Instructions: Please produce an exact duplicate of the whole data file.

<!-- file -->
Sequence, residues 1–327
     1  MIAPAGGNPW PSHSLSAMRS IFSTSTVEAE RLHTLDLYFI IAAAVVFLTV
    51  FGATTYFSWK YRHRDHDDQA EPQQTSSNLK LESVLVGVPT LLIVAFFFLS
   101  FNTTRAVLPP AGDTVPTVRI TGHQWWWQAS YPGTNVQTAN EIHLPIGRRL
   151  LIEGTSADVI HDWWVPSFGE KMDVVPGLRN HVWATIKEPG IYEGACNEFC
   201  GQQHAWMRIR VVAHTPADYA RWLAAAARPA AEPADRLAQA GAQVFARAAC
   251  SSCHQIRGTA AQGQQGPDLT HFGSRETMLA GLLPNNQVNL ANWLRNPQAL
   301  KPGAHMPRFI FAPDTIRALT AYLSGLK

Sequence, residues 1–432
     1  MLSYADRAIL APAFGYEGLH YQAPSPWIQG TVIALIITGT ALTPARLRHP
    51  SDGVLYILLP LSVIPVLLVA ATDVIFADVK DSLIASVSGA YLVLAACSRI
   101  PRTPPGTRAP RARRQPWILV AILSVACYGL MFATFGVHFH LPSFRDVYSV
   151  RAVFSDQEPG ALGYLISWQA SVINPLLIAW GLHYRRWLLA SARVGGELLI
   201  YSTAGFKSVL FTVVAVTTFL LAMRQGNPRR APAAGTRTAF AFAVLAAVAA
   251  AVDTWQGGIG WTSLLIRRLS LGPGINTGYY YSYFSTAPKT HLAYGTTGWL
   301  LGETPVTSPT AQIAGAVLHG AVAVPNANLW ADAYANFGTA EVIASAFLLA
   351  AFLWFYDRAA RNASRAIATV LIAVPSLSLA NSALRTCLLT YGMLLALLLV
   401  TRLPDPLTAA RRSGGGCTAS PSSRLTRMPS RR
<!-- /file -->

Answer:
Sequence, residues 1–327
     1  MIAPAGGNPW PSHSLSAMRS IFSTSTVEAE RLHTLDLYFI IAAAVVFLTV
    51  FGATTYFSWK YRHRDHDDQA EPQQTSSNLK LESVLVGVPT LLIVAFFFLS
   101  FNTTRAVLPP AGDTVPTVRI TGHQWWWQAS YPGTNVQTAN EIHLPIGRRL
   151  LIEGTSADVI HDWWVPSFGE KMDVVPGLRN HVWATIKEPG IYEGACNEFC
   201  GQQHAWMRIR VVAHTPADYA RWLAAAARPA AEPADRLAQA GAQVFARAAC
   251  SSCHQIRGTA AQGQQGPDLT HFGSRETMLA GLLPNNQVNL ANWLRNPQAL
   301  KPGAHMPRFI FAPDTIRALT AYLSGLK

Sequence, residues 1–432
     1  MLSYADRAIL APAFGYEGLH YQAPSPWIQG TVIALIITGT ALTPARLRHP
    51  SDGVLYILLP LSVIPVLLVA ATDVIFADVK DSLIASVSGA YLVLAACSRI
   101  PRTPPGTRAP RARRQPWILV AILSVACYGL MFATFGVHFH LPSFRDVYSV
   151  RAVFSDQEPG ALGYLISWQA SVINPLLIAW GLHYRRWLLA SARVGGELLI
   201  YSTAGFKSVL FTVVAVTTFL LAMRQGNPRR APAAGTRTAF AFAVLAAVAA
   251  AVDTWQGGIG WTSLLIRRLS LGPGINTGYY YSYFSTAPKT HLAYGTTGWL
   301  LGETPVTSPT AQIAGAVLHG AVAVPNANLW ADAYANFGTA EVIASAFLLA
   351  AFLWFYDRAA RNASRAIATV LIAVPSLSLA NSALRTCLLT YGMLLALLLV
   401  TRLPDPLTAA RRSGGGCTAS PSSRLTRMPS RR